The use of a combination of Determine as screening test and Genie II for confirmation of HIV infection can be highly recommended, because all samples positive in both assays were later confirmed by all other methods and none of the 901 negative samples was found to be a false-negative result. Thus, this combination is sensitive and specific, whereas using only Determine gives a significant number of false-positive results. Screening with fourth-generation ELISAs from different manufacturers showed an unexpected variability of false-positive results. Specifically, using the Enzygnost HIV Integral assay, 1.7% (16 of 935) of all samples represented false-positive results, as shown by a combination of other methods. In contrast, results of the Murex ELISA were concordant with those of the Determine/Genie II, immunoblot, and PCR assay. The choice of ELISA type seems to be important in this setting, with the Murex ELISA being the primary choice, whereas the LIA or other immunoblot assays do not seem to be necessary.

It is important to know what type of HIV is infecting an individual, because this is crucial information for therapy. We observed 5 HIV-1 and HIV-2 serologically dually reactive samples among the study subjects, which was surprisingly high. Four of these dually reactive samples were not confirmed by PCR assay, however, suggesting that they were false-positive results for HIV-2 or that the primer sets used were not sensitive enough for their amplification. One dually positive sample was confirmed, however.

The HIV epidemic in rural Burkina Faso is dominated by 2 main CRFs: CRF02_AG and CRF06_cpx, a mosaic virus composed of 4 subtypes, namely, A, G, J, and K. When the 3 genomic regions gag, pol, and env were considered, it became clear that these 2 sets of CRFs are circulating almost equally, with CRF02_AG having a slight advantage in distribution. Eleven pure (same genotype in all 3 genes sequenced) CRF02_AG samples were found compared with 9 CRF06_cpx samples. It is interesting to note that the sequences in this rural area were different compared with what was reported previously in Ouagadougou, where CRF06_cpx dominates.10 A preliminary study of 24 viruses from a cohort of commercial sex workers in Bobo-Dioulasso showed CRF02_AG viruses comprising almost 50% of the circulating viruses, whereas CRF06_cpx comprised 30%.26 It is important to carry out further studies to confirm this difference in genotypes between different regions in Burkina Faso.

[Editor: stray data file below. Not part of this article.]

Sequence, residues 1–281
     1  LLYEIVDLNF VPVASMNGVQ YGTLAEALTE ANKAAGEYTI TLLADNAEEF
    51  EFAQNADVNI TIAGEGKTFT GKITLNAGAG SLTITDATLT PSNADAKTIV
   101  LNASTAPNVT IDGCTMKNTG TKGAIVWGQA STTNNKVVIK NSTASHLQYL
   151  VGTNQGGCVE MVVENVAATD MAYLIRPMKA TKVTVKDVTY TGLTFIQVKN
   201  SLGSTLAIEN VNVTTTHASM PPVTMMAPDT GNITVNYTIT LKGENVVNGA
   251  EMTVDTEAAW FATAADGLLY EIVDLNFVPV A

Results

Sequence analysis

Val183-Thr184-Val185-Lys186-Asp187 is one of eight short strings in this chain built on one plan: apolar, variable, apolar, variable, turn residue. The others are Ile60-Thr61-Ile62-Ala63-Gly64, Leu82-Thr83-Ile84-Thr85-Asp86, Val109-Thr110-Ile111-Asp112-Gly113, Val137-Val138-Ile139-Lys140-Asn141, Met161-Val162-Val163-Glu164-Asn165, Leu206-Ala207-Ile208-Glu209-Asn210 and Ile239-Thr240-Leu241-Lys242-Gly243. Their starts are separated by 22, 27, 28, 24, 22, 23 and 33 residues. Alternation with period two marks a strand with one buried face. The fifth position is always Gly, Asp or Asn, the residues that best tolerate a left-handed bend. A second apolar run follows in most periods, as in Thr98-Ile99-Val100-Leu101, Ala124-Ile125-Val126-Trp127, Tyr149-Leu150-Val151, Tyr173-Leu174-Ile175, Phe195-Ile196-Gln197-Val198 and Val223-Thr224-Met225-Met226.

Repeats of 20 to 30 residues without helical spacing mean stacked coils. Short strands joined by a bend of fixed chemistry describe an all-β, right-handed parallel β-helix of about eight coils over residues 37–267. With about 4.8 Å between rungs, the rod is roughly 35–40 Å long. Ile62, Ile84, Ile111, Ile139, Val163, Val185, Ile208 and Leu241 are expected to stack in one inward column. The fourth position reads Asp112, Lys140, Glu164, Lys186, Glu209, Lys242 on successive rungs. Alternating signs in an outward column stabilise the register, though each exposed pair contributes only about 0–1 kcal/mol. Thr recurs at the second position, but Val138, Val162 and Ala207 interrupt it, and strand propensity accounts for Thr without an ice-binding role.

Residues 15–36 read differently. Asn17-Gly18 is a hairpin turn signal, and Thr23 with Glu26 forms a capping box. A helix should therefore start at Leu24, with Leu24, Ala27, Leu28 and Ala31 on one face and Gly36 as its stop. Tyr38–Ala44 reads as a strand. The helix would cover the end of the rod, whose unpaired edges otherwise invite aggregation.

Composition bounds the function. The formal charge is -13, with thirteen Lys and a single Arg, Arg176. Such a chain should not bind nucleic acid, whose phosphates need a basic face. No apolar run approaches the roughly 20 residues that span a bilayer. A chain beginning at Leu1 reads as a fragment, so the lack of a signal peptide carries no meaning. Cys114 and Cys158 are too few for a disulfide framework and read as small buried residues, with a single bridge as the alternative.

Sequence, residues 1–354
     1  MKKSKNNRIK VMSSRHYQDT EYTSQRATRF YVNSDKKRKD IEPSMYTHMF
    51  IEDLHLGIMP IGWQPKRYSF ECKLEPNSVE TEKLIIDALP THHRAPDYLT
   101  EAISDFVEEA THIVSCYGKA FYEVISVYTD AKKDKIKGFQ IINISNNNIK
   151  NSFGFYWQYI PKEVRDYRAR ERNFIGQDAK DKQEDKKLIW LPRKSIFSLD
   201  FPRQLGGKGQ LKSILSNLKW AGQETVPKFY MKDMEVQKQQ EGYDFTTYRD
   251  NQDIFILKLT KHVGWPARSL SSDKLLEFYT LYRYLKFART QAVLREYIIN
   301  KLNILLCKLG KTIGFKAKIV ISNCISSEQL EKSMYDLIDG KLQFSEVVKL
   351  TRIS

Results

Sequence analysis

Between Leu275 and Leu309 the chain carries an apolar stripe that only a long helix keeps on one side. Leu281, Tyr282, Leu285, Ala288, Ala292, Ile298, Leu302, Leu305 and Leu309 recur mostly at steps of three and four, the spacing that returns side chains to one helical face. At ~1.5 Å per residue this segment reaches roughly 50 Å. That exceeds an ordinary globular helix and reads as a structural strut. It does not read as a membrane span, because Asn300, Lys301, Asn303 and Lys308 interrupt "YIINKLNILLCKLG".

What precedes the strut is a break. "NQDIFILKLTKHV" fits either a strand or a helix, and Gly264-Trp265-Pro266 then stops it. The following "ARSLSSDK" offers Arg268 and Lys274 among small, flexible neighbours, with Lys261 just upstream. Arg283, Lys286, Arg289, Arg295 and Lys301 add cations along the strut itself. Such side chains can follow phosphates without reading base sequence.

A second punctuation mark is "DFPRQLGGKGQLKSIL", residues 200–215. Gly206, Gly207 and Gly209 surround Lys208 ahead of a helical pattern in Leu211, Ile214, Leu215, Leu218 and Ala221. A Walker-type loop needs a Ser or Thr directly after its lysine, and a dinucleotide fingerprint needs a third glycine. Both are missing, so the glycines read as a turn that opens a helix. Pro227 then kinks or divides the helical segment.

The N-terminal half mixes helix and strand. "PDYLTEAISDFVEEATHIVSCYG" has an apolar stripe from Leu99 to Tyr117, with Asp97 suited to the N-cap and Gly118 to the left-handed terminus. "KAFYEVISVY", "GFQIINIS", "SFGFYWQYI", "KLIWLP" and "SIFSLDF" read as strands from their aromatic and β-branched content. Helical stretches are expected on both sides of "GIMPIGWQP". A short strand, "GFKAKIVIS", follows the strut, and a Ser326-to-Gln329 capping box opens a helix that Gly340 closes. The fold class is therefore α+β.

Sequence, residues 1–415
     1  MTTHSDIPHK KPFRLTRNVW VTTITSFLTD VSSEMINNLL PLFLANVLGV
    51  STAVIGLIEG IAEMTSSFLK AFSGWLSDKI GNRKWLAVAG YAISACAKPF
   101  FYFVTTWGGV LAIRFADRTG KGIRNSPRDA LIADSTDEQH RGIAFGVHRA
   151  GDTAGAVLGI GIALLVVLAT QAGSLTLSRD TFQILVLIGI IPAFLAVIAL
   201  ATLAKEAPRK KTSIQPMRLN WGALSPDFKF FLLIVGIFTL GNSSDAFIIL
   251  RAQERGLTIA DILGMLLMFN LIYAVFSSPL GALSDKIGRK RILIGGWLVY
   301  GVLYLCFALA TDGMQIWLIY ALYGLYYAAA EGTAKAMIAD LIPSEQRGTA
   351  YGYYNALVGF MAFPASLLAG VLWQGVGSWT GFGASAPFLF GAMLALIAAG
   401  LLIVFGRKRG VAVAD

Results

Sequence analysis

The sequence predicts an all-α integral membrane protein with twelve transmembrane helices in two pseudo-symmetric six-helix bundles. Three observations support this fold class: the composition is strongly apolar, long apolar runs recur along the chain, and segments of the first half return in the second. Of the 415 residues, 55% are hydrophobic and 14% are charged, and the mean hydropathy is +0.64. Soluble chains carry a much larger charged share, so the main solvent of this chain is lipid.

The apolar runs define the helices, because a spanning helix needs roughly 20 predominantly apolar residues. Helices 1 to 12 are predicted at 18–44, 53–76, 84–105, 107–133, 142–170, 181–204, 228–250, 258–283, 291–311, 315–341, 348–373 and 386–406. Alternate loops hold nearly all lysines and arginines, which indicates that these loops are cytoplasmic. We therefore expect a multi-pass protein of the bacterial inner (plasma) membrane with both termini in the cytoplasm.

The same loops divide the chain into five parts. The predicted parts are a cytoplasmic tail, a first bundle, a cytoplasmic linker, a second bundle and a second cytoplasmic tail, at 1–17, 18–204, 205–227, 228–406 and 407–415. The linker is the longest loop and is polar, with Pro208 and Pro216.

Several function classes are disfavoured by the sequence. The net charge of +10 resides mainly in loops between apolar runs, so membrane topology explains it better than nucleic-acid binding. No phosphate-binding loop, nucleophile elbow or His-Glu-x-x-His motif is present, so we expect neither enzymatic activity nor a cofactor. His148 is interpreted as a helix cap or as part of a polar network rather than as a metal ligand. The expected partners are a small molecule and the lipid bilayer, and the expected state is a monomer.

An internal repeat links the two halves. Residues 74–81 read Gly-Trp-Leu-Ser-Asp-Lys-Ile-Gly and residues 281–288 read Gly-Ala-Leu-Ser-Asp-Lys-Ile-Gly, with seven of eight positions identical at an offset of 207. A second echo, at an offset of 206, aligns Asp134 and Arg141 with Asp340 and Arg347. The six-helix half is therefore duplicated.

Sequencing the 3 major genes of HIV allowed the identification of a high number of putative recombinants, although one cannot rule out the possibility of dual infection in some of the individuals who carried discordant subtypes. CRF09_cpx viruses have been described predominantly in West African countries, including Ghana, Côte d'Ivoire, and Senegal.27 A recent study found two cases of CRF09_cpx viruses in the northwestern region of Cameroon.28 Although these 2 Cameroonian isolates were pure CRF09_cpx in pro and env, we observed discordance in the 3 genes sequenced in the 2 Burkina Faso samples (see Table 2). One of them was an A3gag/CRF09_cpxpol/env, and the other was CRF02_AGgag/pol/CRF09_cpxenv. Recently, a CRF02_AG/CRF09_cpx virus was described in neighboring Côte d'Ivoire.29 Likewise, sub-subtype A3 viruses, which we describe in this study for the first time in Burkina Faso, were reported earlier to be circulating in other parts of West and Central Africa, where they had also recombined with CRF02_AG.30 Most interesting is the fact that the A3 virus in our study seemed to have recombined, respectively, with CRF02_AG and CRF06_cpx.

CRF02_AG and CRF06_cpx, which were the vastly predominant strains in our study, also circulate in neighboring countries, albeit with different relative prevalences.5,31,32 In Ghana, Côte d'Ivoire, and Mali, for example, CRF02_AG is the most dominant strain. In Niger, however, CRF02_AG and CRF06_cpx cocirculate. In fact, similar recombinants like we report here (ie, discordant CRF02_AG and CRF06_cpx in env and gag, or vice versa) were also seen earlier in Niger.33,34